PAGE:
For a track and field fan, one of the most memorable images from the 2012 London Olympics has to be that of Carmelita Jeter, the anchor of the US women’s 4×100 meters relay team, pointing the baton towards the electronic clock as she was about to cross the finish line of the Olympic final, well ahead of archrival Jamaica. With eyes wide and a proud, triumphant smile, Jeter was telling the world: look what we did!
The US team of Tianna Madison, Allyson Felix, Bianca Knight and Jeter clocked 40.82 seconds, smashing the old mark of 41.37 by an incredible margin, 55 hundredths of a second, the largest improvement of the world record in almost a half-century. Winning the Olympic gold in a world record is the highest achievement an athlete can dream of. In this case, the performance of the fabulous American sprinting quartet has even deeper meanings.
For the first time in the last three Olympics, the American women won their sprints duel with Jamaica, which finished second in the relay in a national record 41.41. The relay was the clincher, after the individual events were split, with Shelley Ann Fraser-Pryce winning the 100, with Jeter second, and Felix taking the 200 ahead of Fraser-Pryce and Jeter. Bragging rights are important here, especially considering that the US men went 0 for 3 against Usain Bolt & Co., and the end of the tunnel is not in sight.
Also, the London foursome redeemed past US 4×100 women’s relay teams, which dropped the baton in Olympic competition in 2008 in Beijing (heats) and 2004 in Athens (final) and finished only third in 2000 in Sydney.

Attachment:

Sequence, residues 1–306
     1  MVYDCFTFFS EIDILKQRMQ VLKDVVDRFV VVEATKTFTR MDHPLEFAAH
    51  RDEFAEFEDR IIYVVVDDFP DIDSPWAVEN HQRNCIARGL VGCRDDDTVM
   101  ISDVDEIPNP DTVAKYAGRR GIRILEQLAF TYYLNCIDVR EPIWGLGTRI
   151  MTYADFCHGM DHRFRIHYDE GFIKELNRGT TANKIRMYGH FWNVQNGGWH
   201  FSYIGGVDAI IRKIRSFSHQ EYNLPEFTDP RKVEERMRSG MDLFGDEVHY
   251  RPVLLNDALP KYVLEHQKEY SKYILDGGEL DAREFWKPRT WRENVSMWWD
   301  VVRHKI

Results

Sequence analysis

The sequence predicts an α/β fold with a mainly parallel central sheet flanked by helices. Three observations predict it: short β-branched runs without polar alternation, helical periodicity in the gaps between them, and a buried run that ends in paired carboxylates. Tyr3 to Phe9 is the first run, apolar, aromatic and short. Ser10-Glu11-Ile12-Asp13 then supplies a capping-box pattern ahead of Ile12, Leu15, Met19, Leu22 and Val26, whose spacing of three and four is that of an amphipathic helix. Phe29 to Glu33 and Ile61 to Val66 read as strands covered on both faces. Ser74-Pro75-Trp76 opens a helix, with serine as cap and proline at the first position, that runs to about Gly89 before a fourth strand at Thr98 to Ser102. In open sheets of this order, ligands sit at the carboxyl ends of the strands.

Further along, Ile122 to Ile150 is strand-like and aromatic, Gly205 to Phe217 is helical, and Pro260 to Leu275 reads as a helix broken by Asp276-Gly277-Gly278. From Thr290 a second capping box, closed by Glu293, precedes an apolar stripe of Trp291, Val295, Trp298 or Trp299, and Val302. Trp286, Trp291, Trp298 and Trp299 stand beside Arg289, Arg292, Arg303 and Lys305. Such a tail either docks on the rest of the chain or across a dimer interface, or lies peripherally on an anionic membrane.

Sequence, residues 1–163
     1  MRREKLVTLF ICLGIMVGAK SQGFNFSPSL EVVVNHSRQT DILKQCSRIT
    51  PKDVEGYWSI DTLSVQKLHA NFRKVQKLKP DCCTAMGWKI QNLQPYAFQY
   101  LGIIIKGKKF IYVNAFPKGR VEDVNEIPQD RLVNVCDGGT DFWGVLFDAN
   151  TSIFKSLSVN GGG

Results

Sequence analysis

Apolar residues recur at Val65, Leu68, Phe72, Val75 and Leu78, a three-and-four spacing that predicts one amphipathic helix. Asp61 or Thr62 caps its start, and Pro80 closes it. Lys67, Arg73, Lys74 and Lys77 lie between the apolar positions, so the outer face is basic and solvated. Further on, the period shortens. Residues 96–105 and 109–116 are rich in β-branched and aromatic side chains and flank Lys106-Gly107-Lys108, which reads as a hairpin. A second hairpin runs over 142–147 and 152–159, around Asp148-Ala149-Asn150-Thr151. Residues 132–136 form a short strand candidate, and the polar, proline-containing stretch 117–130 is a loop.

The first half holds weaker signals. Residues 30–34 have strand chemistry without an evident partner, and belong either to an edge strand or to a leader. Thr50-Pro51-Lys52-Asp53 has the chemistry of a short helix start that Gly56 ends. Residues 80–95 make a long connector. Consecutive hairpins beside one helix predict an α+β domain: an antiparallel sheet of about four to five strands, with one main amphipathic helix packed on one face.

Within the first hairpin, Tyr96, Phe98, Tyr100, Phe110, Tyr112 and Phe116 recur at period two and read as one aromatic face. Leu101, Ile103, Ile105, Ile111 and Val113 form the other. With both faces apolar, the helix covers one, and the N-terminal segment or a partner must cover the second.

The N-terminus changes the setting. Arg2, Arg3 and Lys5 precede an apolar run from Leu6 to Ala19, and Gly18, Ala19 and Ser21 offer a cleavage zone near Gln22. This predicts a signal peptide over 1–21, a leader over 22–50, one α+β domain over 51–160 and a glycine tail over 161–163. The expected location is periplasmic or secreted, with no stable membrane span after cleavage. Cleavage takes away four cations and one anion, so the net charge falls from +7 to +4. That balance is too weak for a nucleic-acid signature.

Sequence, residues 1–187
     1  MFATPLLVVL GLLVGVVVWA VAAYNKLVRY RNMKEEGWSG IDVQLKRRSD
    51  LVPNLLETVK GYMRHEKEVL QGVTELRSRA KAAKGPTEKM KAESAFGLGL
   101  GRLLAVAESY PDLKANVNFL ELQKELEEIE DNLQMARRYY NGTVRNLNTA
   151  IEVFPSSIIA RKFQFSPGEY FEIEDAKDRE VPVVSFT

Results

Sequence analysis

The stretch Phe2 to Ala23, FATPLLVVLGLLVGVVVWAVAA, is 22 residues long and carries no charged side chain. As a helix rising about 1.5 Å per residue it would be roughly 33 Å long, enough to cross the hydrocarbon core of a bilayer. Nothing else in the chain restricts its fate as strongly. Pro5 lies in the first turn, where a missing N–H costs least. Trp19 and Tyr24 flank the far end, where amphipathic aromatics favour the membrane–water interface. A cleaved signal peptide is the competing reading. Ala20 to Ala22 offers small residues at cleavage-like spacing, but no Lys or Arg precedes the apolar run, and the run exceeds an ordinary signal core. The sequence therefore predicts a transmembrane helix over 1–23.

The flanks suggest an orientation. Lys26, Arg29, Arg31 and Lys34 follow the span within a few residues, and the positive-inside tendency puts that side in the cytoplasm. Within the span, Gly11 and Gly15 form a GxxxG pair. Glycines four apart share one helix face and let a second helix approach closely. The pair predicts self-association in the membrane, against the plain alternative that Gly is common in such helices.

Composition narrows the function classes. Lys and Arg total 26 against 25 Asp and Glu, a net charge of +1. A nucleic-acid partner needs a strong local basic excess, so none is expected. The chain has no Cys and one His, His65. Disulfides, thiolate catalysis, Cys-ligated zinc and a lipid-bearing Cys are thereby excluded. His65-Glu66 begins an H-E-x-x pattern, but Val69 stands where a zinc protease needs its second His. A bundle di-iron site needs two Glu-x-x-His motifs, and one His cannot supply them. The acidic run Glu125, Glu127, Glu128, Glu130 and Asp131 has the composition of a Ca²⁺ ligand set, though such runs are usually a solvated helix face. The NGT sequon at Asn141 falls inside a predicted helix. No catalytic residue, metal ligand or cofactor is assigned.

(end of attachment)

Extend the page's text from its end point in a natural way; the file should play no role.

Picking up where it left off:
More important, the US women erased from the list of top marks a 27-year old record that had been established by a team from a country which no longer exists, East Germany, the bête noire of women athletics (and swimming) throughout the 1970s and 1980s, where institutionalized doping was state policy.
That 41.37 was the last record set by East German sprinters. It came on the same day (October 6, 1985) as Marita Koch’s 47.60 record in the 400 meters, which may last 50 more years and even scared Felix down to the 100 instead of a natural progression to the quarter, where her imperial stride covered the second leg of the 4×400 relay final in London in a stunning 47.8.
Then Florence Griffith-Joyner picked up where the East German lab had left. Individual alchemy proved to be equally potent and produced surreal figures, 10.49 for the 100, 21.34 for the 200. With all the world’s progress in almost a quarter of a century incorporated, the amazingly beautiful Felix from London would have been five yards behind Flo-Jo in Seoul 1988. Track cynics would tell you that only Mephisto could beat Felix by five yards.
Track fans and young runners everywhere should rejoice for this first world record in women’s sprints of the post GDR / Flo-Jo era. Forty point eighty-two is a landmark, a memorable accomplishment. How memorable? At the previous London Olympics, in 1948, the US men’s 4×100 relay team anchored by Mel Patton won the title in 40.6, a hand time slightly inferior to 40.82.